LAUSANNE, Switzerland (AFP) – by Agnès Pedrero in Lausanne and Ben Simon in Geneva
The international sports tribunal on Thursday rejected an appeal by Russian athletes against a Rio Olympics ban amid mounting pressure for action over state-run doping in Russia.
The Court of Arbitration for Sport (CAS) ruling on track and field is seen as a key indicator as the International Olympic Committee (IOC) debates whether to order a blanket ban on Russia from the Rio Games that start August 5.
The IOC executive is to hold more talks on Sunday and a decision on a ban could be announced after, an Olympic spokesperson said.
The heads of international federations for the sports in Rio held their own talks on Thursday.
Russia reacted angrily however. It is a sporting powerhouse whose absence from Rio would create the biggest crisis in decades for the Olympic movement.
But there have been widespread calls for exemplary sanctions against the state-orchestrated campaign.
“This will scare a lot of people, or send a strong message that the sport is serious about cleaning up,” six-time Olympic sprint title winner Usain Bolt of Jamaica said of the CAS ruling.
Russia’s Sports Minister Vitaly Mutko called the CAS ruling “politicised” and illegal however.
CAS said it had unanimously “dismissed” an appeal by the Russian Olympic Committee and 67 athletes against an International Association of Athletics Federations (IAAF) ban.
The 67 included two time Olympic pole vault champion Yelena Isinbayeva and world champion men’s 110m hurdler Sergey Shubenkov.
The IAAF ban covers all international competition and follows an investigation by the World Anti-Doping Agency last year which found widespread “state-sponsored” doping.
Isinbayeva slammed the CAS ruling as a “funeral for athletics” and “a blatant political order.”
The Kremlin expressed “deep regret” over the decision and said it had “no legal basis.” Russia has denied any state involvement in the doping crisis.
Originally, 68 Russians had appealed against the IAAF ban but the governing body has cleared US-based long jumper Darya Klishina to compete in Rio.
An IOC ethics commission is to rule on the case of Yuliya Stepanova, an 800m runner who turned whistleblower on the doping.
The IAAF welcomed the CAS tribunal ruling.
“Today’s judgement has created a level playing field for athletes,” said an IAAF statement.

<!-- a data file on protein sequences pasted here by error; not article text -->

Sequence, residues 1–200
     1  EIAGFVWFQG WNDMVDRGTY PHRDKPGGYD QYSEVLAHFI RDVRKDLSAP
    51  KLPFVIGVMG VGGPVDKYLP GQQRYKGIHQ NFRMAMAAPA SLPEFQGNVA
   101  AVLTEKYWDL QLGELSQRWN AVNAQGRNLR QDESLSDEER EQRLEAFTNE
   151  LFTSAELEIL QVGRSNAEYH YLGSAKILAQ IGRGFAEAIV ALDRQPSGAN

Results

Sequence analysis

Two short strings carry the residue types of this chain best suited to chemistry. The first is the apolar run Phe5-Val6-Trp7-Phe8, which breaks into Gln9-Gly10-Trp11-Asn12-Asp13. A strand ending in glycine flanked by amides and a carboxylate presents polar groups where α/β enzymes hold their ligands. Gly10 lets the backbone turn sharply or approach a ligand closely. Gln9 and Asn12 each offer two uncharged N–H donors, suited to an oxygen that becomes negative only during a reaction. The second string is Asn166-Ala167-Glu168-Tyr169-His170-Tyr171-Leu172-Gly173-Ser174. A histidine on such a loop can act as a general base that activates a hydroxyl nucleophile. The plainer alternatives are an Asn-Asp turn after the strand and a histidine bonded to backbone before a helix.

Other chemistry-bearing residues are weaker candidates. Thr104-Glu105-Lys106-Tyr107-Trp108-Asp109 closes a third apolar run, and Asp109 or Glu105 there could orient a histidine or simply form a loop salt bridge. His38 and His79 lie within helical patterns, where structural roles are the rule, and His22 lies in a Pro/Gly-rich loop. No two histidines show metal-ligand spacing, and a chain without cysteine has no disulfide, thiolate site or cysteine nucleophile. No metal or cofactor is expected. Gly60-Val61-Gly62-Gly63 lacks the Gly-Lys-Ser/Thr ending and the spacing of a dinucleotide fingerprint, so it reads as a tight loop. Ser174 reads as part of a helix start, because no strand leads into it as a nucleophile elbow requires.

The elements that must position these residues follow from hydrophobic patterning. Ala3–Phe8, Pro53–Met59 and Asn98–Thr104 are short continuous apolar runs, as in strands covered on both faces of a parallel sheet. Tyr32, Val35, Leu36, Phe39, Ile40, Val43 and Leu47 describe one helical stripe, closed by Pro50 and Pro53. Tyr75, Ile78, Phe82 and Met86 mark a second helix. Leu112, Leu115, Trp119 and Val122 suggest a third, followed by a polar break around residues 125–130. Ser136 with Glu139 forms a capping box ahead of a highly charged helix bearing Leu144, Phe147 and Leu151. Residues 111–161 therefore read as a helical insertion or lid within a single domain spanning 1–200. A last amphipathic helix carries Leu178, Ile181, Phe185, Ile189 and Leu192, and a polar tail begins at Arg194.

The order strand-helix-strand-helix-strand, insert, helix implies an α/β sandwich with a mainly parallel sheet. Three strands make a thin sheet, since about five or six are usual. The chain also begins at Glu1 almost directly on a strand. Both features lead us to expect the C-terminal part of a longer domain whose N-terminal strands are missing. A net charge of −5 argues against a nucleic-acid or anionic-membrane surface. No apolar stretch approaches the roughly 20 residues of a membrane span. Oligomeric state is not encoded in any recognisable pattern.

“The CAS award upholds the rights of the IAAF to use its rules for the protection of the sport (and) to protect clean athletes.”
The CAS ruling has been the focus of Olympic attention, however, since an independent WADA report this week said Russia ran a “state-dictated failsafe system” of drug cheating in 30 sports at the 2014 Sochi Games and other major events.
IOC president Thomas Bach has called Russia’s actions a “shocking and unprecedented attack on the integrity of sport and on the Olympic Games.”
According to a report released this week by Canadian lawyer Richard McLaren, the doping included the switching of Russian samples by secret service operatives at the 2013 world championships in Moscow.
It said the operation was directed by the sports ministry, with help from the FSB intelligence agency.
WADA, backed by the United States and other nations, has called for Russia to be completely banned from the Rio Games.
The IAAF suspended Russia in November after an inquiry which first spoke of “state-sponsored” doping.
It refused to lift the suspension last month, meaning no Russian athletes could take part in Rio.
Russia was the second most successful athletics nation at the 2012 London Olympics, behind the United States, with seven gold medals, four silver and five bronze.
Originally, Russia had 17 medals. But several have already been lost or are at risk because of doping failures.
Olympic 3,000 metre champion Yulia Zarapova has tested positive for anabolic steroids and will almost certainly be stripped of her gold medal.
Woman’s discus thrower Darya Pishchalnikova, silver medallist in London, has been banned for 10 years because of drug failures.
The IOC has not yet reconfirmed the results of the London Olympics following the retesting of doping samples.
IAAF president Sebastian Coe welcomed the CAS ruling but said: “This is not a day for triumphant statements.
“I didn’t come into this sport to stop athletes from competing. It is our federation’s instinctive desire to include, not exclude.”
He said that after the Rio Games an IAAF task force “will continue to work with Russia to establish a clean safe environment for its athletes so that its federation and team can return to international recognition and competition.”